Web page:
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Freedom and Slavery in “Huckleberry Finn” Essay

“The Adventures of Huckleberry Finn”, by Mark Twain, is a classic American novel, considered by some to be the finest example of American literature. It follows Huck and Jim, a poor Southern white boy and a runaway slave, as they travel down the Mississippi River in a quest for freedom. Sometimes regarded as a simple children’s story, “Huckleberry Finn”, while still existing on that level, also has an abundance of symbolism and meaning that’s not immediately apparent. The novel contains ideas and observations that Twain felt were significant to the culture and the people he was writing to. The primary theme of the book (most appropriate considering the time period in which it was written) is the struggle between freedom and slavery.

Huckleberry Finn experiences this struggle as the adults around him attempt to “sivilize” him and force him to conform to their ideas of appropriate behavior. Witnessing their hypocrisy, their interest in being SEEN as good respectable people over actually BEING good respectable people, Huck instinctively dismisses and rebels against their teachings. He resists being molded into something that’s pleasing to others but not himself, against becoming a slave to the person everyone else wants him to be, forever prevented from expressing who he truly is.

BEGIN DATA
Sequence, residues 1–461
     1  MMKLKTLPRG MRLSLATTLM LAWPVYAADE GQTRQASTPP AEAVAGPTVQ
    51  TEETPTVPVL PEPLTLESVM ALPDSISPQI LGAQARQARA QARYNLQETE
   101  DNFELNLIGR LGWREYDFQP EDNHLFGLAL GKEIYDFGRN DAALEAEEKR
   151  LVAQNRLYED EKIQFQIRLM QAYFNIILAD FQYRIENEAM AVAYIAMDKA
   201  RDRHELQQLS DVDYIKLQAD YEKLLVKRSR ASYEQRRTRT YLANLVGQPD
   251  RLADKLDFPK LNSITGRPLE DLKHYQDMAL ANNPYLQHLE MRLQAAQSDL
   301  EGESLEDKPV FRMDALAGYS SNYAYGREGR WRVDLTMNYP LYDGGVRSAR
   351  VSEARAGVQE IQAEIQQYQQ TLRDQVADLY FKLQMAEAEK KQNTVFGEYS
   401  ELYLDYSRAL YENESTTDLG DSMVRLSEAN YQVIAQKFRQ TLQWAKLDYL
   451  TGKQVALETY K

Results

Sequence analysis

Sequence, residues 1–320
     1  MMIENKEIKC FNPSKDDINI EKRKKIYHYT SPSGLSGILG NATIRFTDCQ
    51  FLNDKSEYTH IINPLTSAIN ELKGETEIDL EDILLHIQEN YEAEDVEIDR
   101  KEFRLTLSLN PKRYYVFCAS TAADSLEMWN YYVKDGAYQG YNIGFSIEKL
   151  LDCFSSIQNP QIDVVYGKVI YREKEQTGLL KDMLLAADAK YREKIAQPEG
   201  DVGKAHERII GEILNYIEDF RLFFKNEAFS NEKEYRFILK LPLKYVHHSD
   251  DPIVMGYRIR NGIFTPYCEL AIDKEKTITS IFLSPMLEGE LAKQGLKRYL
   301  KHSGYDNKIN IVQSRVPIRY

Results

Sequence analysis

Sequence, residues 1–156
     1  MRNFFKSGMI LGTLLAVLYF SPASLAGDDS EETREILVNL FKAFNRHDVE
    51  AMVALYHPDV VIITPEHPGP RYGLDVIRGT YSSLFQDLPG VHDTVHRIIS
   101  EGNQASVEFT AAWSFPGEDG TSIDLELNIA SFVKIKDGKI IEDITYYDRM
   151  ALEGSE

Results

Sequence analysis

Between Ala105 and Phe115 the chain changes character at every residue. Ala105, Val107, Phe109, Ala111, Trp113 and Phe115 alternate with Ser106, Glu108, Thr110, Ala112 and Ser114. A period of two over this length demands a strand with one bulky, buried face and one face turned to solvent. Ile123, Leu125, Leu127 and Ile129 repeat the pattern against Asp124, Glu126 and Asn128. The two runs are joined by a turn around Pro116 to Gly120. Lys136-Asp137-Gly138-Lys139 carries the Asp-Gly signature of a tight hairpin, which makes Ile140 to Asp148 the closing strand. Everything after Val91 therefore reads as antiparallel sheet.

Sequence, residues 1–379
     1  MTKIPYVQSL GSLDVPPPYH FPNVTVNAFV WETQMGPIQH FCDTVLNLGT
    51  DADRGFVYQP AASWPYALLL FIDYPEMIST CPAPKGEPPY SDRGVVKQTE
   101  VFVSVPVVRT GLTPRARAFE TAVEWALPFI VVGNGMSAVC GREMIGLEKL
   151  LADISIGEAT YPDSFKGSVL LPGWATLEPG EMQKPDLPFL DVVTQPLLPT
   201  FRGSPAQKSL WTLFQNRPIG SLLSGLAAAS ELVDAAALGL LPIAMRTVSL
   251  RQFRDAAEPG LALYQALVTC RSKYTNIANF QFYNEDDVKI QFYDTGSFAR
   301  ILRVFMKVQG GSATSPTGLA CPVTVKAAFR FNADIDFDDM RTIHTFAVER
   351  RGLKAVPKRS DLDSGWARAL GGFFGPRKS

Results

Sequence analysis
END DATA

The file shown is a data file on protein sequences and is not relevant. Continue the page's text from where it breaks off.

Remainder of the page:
Perhaps more literally, Jim also must struggle for freedom. A slave all his life, he becomes a runaway, forced to rely on a white boy whose attitudes and ideas have been molded all his life to view blacks as inferior. He’s struggling against society, which literally attempts to enslave him as someone whose only purpose is to serve his superiors (whites), whose life means nothing more than to serve as a piece of property.

Both Jim and Huck fight for their own forms of freedom when all outside forces are trying to enslave them. Both merely want to be the masters of their own lives and persons, without external control. Not only is this concept a key theme in the novel, but in the South throughout it’s history.

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